Baltimore Ravens' Brendon Ayanbadejo on Marriage Equality, Matt Birk, Pro-Gay Players

Baltimore Ravens linebacker Brendon Ayanbadejo has always been about equality. But now he's got more NFL players agreeing with him than ever before.

BY Michelle Garcia

October 04 2012 1:31 PM ET

Has your relationship with your teammate Matt Birk changed since he wrote an op-ed about his opposition to marriage equality?
He's a really great guy. He's the go-to guy in the locker room. There's other guys as well, but he's the perfect example of what a teammate is. I was shocked when he opposed it, but I can't let that issue get between me and him, and all the great things we've experienced together. I was shocked and I was a little sad, but I can't let that affect our relationship. Before he knew me and accepted me as a friend, he knew my brother and played with my brother for several years. He's done a lot for the game and for the community, so it's hard. So it's not like I'm sugar-coating anything, I'm just telling the truth.

The difference is that he doesn't see it as a human rights issue. It's just a fundamental difference in how we both see the issue, and it's kind of hard to get across to someone who's not even in the same ballpark as you on the issue. I haven't even talked to him about the issue either.

Recently you've said that the amount of support over gay rights and marriage equality has grown exponentially among NFL players. Why do you think that's true?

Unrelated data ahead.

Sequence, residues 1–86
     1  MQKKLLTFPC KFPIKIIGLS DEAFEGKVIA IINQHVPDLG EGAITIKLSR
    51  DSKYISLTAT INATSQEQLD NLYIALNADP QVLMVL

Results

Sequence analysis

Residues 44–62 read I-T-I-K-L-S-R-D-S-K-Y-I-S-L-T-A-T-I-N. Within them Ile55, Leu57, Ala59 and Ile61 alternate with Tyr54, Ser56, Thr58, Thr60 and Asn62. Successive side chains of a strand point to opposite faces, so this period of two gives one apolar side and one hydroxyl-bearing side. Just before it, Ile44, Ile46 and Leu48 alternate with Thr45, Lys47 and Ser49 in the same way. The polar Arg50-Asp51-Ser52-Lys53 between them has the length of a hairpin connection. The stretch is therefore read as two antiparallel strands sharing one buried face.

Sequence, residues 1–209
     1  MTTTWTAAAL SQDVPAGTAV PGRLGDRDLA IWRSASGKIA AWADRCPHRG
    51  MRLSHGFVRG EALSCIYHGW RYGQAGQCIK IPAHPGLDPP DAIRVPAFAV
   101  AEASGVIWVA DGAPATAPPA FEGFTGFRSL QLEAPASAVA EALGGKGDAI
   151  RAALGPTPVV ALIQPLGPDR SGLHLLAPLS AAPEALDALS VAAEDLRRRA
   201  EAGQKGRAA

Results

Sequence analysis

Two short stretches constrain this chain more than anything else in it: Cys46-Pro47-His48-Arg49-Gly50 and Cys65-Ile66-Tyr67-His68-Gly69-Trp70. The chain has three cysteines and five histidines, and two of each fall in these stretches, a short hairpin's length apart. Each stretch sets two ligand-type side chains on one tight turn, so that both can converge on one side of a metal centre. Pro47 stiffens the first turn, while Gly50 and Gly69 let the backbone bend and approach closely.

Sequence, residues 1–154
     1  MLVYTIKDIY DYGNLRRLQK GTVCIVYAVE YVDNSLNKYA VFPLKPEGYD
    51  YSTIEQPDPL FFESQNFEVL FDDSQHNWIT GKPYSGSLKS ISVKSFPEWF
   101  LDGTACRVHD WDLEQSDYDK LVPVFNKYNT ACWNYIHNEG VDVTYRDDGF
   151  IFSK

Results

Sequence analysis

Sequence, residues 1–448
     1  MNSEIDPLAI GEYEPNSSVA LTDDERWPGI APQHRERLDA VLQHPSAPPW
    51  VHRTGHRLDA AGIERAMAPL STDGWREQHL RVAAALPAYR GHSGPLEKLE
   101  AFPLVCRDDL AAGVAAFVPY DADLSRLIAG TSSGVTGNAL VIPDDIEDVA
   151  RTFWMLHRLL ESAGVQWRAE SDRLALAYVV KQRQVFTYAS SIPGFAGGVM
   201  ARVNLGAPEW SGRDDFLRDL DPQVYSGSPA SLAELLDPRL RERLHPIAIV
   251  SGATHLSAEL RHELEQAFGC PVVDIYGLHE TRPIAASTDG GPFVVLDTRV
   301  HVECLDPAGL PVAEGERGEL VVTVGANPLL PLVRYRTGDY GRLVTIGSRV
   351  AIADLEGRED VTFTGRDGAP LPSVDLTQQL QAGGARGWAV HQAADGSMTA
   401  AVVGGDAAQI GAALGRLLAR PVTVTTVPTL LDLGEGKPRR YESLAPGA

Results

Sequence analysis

Just because every few years there's a new generation of NFL players, and unless you're a great, great player, the average career is about three and a half years, so when I first started talking about this issue, it was a completely different set of players in the league, and the league has turned over so much in the last four years since I first touched the subject. Now this younger generation has come in and they're a lot more accepting, a lot more understanding. They're just a completely different generation of young men who see the world differently. That's the main reason why.

There's only a couple of weeks left before Maryland votes on whether to legalize marriage. What would you say to recruit some of your NFL colleagues to join the fight?
I would say before the issue of equal rights for gay people, there was the issue for equal rights for women, for minorities, specifically for African-Americans. It's going to take heterosexuals to approve marriage equality just like it took white people to stand up to abolish slavery. Now it's our turn. We've benefited from equal rights and human rights, and now it's time for us to help another minority group, the LGBT community, so we can treat them like equals, because they are our equals.

You're an avid Twitter user, and you use the platform frequently to talk about social justice issues and politics. How do your fans react who just want to follow you because you're a football player that they like?
I've been on Twitter for a year and change now, and when I first started getting followers, it was mainly football people. But as time has gone on, the demographics have changed, and now LGBT people follow me, some people in fashion follow me, a lot of health-conscious people who are into training follow me. There's a little dog community that follows me. A lot of people in different subgroups that I commingle in. Football is just one of the groups that follows me. It's like a pie that we divide up — 20% are football, and like 50% are LGBT. I do get complaints like, "When are we just going to talk about football?" No one else complains. It's just the football people. Last time I checked it was my Twitter, you know?

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